Actinic keratosis (AK) are common precancerous growths that occur when the skin has been damaged by ultraviolet rays from chronic sun exposure or indoor tanning. If left untreated, actinic keratosis may progress into squamous cell carcinoma, a type of skin cancer. The good news is that AKs can be treated before they become skin cancers.
AK most commonly occurs on sun-exposed areas, including the face, ears, scalp, neck, foreheads, and backs of hands. They are pink-red in color and are often felt as rough dry spots on the skin. People who have fair skin, light hair and/or eyes are at greater risk of developing actinic keratosis.
What Causes It?
Actinic keratosis is caused by excessive exposure to the sun or to indoor tanning. The ultraviolet rays damage the skin, causing unsightly lesions that can develop into cancer. Since it is caused by sun damage, is most common among fair-skinned people and among older people who have been in the sun more. A history of tanning, sunburns, and/or immunosuppression will also increase your risk of actinic keratosis.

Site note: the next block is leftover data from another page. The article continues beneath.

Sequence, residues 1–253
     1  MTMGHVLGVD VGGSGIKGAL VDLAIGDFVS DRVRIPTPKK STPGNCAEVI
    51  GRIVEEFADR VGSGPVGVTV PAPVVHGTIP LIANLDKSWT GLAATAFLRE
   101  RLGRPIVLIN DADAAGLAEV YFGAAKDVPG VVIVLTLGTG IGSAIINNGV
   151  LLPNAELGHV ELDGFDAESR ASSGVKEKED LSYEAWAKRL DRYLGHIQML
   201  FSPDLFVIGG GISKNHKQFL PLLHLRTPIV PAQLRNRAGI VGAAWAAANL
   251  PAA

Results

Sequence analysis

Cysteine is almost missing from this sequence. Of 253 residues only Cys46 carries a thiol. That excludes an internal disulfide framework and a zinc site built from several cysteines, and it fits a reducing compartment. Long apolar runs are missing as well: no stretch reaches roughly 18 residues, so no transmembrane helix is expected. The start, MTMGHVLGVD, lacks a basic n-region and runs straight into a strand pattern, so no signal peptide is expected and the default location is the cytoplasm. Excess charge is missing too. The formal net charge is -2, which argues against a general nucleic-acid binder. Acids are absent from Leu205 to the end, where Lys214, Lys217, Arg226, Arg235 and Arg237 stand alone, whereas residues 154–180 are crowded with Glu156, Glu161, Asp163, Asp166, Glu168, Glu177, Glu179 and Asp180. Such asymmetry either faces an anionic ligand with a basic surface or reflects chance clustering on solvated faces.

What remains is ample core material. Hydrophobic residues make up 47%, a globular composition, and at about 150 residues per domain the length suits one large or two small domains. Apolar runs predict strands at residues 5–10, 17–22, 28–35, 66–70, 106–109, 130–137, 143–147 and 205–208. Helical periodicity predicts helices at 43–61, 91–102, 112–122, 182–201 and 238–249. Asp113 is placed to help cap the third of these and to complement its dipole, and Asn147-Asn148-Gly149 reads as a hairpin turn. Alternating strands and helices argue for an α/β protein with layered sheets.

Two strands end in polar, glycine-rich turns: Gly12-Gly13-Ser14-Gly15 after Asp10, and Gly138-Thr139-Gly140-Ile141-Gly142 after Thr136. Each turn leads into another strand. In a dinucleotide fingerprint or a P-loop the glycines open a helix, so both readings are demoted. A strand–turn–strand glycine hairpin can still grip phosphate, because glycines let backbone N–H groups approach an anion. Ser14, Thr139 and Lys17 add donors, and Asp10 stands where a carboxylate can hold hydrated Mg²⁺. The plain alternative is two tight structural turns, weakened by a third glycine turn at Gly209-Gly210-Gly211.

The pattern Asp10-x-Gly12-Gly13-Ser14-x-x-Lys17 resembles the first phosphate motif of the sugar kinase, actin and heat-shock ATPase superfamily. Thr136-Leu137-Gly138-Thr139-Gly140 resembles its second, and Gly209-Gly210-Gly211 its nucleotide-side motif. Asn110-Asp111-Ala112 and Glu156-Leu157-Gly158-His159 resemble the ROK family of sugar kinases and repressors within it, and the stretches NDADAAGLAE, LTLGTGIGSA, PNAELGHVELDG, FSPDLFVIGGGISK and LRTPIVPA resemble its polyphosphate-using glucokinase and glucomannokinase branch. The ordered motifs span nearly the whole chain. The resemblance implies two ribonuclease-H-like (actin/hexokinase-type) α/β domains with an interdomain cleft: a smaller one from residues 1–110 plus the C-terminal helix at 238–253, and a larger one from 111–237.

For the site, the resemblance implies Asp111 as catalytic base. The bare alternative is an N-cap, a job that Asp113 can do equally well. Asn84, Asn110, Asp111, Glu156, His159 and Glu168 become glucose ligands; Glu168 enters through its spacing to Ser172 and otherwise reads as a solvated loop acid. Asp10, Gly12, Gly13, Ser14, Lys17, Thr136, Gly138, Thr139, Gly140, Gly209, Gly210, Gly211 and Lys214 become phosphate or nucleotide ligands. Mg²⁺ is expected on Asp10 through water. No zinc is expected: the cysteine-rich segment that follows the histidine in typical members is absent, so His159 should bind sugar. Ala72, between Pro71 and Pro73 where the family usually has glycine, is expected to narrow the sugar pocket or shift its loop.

Your dermatologist will likely be able to diagnose actinic keratosis by its characteristic appearance, but in some cases, a biopsy is needed to evaluate whether the actinic keratosis has progressed into a skin cancer. Precursor lesions which may progress into squamous cell carcinoma occur in up to 10% of cases and thus need to be treated.
Depending on the location, size and number of actinic keratosis you have, there are several different treatment modalities that may be used. Some of the common treatments for actinic keratosis include cryotherapy (freezing individual lesions) with liquid nitrogen) or field treatment for more diffuse/widespread involvement with topical chemotherapeutic agents, topical immunomodulators or photodynamic therapy.
There are also topical treatments such as chemotherapy cream that prevents cancerous cells from multiplying. Immune modulators such as imiquimod can also be used topically to prevent the growth of cancerous cells. Chemical peels are another topical treatment that uses a powerful acid to remove skin cells. While they are primarily used for rejuvenation, but strong peels can remove the entire upper layer of the skin, instantly removing the lesion. Side effects from peels can be temporarily painful or unsightly, so be sure to ask during your consultation if this is an appropriate treatment for you.